At the time, I wasn't really sure what she meant, but as my family has increased in size, I can definitely relate now. By the time Jeff gets home from work, I have had three little people needing me all day. All day. Alice needs me for everything: food, comfort, cleanliness. Danny requires me to hold him quite frequently and to give him a lot of attention. And Jill notices everything I say and do and often wants my attention, too. I'm constantly being touched, kissed, grabbed, hugged, and squeezed. I hear a lot of whining, crying, and laughter. It's something of a sensory overload having three children, aged four and under. (It's wonderful though.)
So when 5:30 rolls around, I'm pretty exhausted. I consider myself amazing if dinner is waiting for him. Exceptional if the floor is swept and the table set. A goddess among women if none of my children are crying and the toy room is clean, too.
However, just as I want much more from my husband than just a paycheck in the bank every other week, my husband wants more from me than dinner on the table every evening.
But sometimes those wants and needs of husbands and wives get lost in the demands put upon mothers and fathers.
I have traveled a lot recently without Jeff. I went to Nebraska while he was in Zambia, and then I went out to Utah almost a week before him and stopped in Ohio, returning to Virginia about a week and half after he did.
When I am apart from Jeff, I often miss having my children's father around. An extra set of hands to help at dinner time. Another shoulder to cry on. Another pair of lips to kiss boo-boos. Another voice to read bedtime stories. A pair of arms for hugs. Someone else to take a turn when the crying and fighting gets to be too much.
(I cannot imagine being a single parent. You're amazing for doing it all—every minute of every day.)
There was one evening this trip, where Jeff's absence really struck me. We had spent the day driving across the country. Jeff's parents were off getting dinner for us at the hotel restaurant. Jill and Danny were running around in the grassy courtyard, playing tag. Alice was lying on a blanket on the grass, just cooing at the clouds. I sat in the early summer warmth and just enjoyed the moment. Everything was perfect. I needed nothing. And all of a sudden, I missed, deeply, my husband. Not my kids' dad, but my husband. And it was amazing. I didn't need him to break up a fight, or to take a crying baby, or to entertain Jill, or to clean up a mess. The kids were happy, and I was happy. I just missed him for him. Not for his help or because I was exhausted. Just simply because life is better when he's around even if he isn't doing anything but sitting next to me.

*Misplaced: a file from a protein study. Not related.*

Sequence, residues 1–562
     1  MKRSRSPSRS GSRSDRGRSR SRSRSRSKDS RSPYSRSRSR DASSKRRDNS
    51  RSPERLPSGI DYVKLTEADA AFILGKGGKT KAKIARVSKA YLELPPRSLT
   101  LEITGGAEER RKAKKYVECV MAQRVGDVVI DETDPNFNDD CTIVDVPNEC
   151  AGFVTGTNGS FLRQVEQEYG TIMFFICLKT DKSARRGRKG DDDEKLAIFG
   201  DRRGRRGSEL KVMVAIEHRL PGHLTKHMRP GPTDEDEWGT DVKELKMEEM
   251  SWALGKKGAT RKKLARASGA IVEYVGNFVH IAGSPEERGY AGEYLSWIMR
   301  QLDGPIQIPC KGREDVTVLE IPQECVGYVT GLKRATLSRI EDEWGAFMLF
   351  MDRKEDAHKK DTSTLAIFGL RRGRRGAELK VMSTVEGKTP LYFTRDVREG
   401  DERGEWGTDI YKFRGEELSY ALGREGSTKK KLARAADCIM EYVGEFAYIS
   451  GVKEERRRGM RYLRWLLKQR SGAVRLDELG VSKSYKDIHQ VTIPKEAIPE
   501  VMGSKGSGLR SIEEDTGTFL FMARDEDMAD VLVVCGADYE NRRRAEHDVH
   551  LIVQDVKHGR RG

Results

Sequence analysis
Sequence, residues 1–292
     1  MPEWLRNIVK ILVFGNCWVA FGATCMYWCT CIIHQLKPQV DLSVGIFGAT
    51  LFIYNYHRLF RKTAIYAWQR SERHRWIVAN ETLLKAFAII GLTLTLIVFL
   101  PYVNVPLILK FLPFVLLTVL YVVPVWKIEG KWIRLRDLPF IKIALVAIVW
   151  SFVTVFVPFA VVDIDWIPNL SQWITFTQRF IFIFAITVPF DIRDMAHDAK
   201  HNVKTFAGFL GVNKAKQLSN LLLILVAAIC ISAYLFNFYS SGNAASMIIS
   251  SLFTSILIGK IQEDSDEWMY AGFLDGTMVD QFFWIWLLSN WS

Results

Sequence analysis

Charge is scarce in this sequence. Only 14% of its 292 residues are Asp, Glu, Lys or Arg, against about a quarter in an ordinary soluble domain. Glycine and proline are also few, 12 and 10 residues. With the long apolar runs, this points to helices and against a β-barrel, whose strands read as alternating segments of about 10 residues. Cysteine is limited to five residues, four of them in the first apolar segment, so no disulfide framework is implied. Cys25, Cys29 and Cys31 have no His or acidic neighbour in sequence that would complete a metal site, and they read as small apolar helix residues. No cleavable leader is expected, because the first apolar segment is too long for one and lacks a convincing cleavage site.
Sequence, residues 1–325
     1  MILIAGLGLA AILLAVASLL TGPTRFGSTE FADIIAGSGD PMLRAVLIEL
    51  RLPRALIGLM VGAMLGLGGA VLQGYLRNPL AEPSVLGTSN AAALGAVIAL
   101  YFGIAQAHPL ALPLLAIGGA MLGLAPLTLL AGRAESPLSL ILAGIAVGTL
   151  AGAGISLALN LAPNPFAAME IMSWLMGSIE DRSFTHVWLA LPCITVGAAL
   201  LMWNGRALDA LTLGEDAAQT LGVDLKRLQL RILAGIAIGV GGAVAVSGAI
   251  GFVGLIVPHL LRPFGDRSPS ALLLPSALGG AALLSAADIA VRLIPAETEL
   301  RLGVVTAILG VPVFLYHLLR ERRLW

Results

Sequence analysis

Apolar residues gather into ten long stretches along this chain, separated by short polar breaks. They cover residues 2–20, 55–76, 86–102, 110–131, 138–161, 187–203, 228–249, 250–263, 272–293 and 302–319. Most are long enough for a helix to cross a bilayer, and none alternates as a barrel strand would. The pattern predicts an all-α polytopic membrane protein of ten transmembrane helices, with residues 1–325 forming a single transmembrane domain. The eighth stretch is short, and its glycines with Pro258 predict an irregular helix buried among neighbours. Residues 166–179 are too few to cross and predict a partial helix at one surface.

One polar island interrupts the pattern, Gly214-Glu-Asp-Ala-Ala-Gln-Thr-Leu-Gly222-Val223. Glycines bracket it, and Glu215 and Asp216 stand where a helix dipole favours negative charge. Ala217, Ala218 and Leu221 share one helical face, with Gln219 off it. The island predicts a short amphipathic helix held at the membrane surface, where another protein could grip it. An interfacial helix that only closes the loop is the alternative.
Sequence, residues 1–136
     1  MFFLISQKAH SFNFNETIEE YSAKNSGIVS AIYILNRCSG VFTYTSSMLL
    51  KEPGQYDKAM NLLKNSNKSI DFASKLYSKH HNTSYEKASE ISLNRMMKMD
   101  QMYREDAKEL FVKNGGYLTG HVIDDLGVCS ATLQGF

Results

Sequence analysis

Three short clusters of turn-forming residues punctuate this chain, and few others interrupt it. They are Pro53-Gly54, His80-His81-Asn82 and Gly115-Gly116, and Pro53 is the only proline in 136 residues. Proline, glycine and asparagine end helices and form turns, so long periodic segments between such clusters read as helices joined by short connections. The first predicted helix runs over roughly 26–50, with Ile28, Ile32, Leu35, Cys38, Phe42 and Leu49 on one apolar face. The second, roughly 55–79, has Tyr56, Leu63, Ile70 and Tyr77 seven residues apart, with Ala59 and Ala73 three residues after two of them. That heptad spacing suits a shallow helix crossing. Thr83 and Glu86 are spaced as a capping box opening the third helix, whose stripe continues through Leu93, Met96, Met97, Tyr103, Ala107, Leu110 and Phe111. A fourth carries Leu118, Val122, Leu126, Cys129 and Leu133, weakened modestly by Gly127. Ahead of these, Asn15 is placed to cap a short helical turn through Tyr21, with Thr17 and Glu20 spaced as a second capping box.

Do you know what I mean?
I need him for so many things: to help me with the kids, to keep our house running, to listen to my silly concerns, and to love me. But at that moment when all was right in my world, I just wanted him without any needs. And it was beautiful. I love him for more than what he does. I just love him for him.
At stake conference yesterday, a woman shared a quote from the movie Parental Guidance. (I am probably not quoting it perfectly, but here is the gist of it.)
Daughter: "Mom, why do you always take Dad's side?
Mother: "Because a husband is what is left after the children have gone."
Father's Day is coming up, and it's a holiday I fully support. But I think perhaps there should be a Husband's Day, too. Or a Spouse's Day.
I love you, Jeff! I'm so glad you're here when I need you, and I'm glad you're here when I don't need you but simply want you instead.
As I was looking through pictures to find one from when we first met, I found this gem. Jeff had an interesting technique when it came to wooing me. Not every man thinks of dropping a cake on the woman he's trying to date. :)